Gel Found to Reduce Risk of HIV and Herpes
January 31, 2012
A new gel developed to help fight HIV infection is even more effective at reducing the risk of herpes transmission, according to a study published online late last year. The gel’s active ingredient is tenofovir, a well-known drug used to treat AIDS. But what is really surprising is that the gel reduced the risk of herpes infection by 51 percent.
The clinical trials were especially well received because this gel is the first weapon women have that they can use all on their own. The gel is applied to the vulva and vagina a few hours before and after sex. Not only can women now access a form of protection that defends against both HIV and herpes, but it also doesn’t require a partner’s cooperation. This means if a male partner doesn’t know he is infected or outright lies to his female partner, she can still feel protected to some degree.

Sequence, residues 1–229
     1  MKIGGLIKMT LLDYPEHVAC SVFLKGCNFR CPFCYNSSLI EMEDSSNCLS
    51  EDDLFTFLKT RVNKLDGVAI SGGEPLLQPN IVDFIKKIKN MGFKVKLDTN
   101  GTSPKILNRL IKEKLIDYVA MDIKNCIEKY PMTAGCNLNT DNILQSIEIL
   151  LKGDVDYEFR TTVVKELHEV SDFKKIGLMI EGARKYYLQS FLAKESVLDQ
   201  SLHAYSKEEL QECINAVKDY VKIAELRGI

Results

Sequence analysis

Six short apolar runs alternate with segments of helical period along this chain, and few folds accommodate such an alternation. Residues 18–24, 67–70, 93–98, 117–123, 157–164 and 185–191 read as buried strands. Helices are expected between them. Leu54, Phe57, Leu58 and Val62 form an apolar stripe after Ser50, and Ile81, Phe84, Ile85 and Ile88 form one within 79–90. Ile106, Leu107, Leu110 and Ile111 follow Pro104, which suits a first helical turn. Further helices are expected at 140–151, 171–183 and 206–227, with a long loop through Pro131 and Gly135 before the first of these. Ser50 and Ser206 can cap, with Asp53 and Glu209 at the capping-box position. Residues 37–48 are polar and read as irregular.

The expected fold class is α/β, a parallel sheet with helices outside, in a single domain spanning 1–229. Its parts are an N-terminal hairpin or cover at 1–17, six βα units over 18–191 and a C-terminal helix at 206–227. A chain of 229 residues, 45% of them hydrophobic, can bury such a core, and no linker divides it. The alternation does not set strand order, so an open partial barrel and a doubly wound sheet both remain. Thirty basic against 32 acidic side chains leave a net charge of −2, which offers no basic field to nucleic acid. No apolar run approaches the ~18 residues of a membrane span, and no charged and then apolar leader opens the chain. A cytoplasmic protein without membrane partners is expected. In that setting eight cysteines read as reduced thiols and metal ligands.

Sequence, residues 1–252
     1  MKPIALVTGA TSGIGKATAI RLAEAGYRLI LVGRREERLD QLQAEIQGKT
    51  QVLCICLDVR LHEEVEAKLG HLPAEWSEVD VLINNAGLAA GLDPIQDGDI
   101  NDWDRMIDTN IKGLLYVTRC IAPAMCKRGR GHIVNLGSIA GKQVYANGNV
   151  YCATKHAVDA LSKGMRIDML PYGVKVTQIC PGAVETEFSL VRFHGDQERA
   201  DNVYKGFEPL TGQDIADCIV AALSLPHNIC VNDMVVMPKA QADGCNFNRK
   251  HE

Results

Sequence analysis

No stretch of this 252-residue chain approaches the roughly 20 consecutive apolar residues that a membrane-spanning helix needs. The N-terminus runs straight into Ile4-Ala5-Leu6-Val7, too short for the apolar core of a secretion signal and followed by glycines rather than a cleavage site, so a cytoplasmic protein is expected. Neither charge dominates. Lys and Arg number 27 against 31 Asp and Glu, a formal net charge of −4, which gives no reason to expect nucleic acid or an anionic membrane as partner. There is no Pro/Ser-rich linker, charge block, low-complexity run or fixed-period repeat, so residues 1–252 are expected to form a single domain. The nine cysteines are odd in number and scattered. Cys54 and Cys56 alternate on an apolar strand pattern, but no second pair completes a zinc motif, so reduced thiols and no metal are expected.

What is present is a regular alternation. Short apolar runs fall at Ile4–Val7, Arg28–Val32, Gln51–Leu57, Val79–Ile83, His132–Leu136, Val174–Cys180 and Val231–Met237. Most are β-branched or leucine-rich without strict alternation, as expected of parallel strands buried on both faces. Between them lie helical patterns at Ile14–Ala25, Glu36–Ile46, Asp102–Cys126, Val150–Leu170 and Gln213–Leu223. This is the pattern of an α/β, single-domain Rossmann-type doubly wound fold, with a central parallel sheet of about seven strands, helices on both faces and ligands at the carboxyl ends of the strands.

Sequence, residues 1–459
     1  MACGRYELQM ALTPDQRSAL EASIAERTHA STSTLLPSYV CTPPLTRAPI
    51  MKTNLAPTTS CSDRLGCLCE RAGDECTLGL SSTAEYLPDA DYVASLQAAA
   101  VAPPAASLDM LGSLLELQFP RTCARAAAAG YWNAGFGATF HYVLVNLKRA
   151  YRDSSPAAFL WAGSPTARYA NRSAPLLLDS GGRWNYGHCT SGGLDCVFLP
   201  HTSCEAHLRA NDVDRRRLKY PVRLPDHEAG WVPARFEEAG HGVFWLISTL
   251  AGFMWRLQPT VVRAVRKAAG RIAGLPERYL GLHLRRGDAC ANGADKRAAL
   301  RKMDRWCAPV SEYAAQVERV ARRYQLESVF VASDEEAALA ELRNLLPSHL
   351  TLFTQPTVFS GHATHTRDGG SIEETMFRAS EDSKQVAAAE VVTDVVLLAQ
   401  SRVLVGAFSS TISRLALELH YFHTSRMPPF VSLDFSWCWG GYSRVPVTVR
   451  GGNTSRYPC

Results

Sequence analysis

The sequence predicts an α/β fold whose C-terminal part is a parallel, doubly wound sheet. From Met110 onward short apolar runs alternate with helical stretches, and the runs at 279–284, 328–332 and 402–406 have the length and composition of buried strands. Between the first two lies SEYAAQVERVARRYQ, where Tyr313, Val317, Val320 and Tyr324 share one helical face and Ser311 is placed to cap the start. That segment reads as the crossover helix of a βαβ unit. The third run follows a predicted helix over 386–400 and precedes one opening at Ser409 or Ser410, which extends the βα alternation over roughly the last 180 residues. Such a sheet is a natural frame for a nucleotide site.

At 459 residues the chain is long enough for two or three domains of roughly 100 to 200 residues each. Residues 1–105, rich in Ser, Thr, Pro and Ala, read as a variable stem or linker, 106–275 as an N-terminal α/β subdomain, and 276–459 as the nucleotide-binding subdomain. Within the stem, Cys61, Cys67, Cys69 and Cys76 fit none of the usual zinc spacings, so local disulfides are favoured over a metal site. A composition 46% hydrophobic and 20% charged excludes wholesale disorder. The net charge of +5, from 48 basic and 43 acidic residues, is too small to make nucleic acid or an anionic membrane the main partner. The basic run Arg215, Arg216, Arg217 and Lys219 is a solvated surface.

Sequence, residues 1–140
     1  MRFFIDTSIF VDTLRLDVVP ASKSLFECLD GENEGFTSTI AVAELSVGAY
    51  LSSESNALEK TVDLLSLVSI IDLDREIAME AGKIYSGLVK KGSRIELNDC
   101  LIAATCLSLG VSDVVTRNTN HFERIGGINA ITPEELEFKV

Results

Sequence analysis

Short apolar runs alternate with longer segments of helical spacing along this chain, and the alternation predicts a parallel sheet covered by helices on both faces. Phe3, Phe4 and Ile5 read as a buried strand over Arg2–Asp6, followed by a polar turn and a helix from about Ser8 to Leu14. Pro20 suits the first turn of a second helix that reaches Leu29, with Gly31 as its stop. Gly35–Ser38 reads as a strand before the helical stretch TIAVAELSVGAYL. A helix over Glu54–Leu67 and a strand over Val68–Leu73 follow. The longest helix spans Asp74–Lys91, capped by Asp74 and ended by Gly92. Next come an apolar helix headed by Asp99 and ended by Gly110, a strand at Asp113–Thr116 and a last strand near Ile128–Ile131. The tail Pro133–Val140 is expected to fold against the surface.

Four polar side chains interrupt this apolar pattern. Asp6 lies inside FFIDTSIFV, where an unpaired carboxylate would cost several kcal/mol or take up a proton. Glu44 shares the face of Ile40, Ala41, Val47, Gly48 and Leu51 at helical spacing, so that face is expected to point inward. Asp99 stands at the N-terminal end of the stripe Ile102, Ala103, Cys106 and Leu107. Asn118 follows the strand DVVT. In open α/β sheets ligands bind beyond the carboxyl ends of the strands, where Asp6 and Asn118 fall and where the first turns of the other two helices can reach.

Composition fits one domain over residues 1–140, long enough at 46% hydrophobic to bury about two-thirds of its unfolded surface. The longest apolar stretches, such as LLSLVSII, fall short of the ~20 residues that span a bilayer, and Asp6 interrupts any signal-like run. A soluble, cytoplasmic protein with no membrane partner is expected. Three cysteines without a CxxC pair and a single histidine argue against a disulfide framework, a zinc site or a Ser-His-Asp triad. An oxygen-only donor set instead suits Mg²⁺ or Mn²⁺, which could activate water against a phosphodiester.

This is especially important given the rates of genital herpes infection among teens and young adults in the U.S. While a herpes infection is not life-threatening, it is also not curable. While the gel is still being researched and is years away from being approved for sale in the U.S., a simple gel that helps prevent the transmission of herpes would certainly be an easy way for teens to protect themselves from the virus.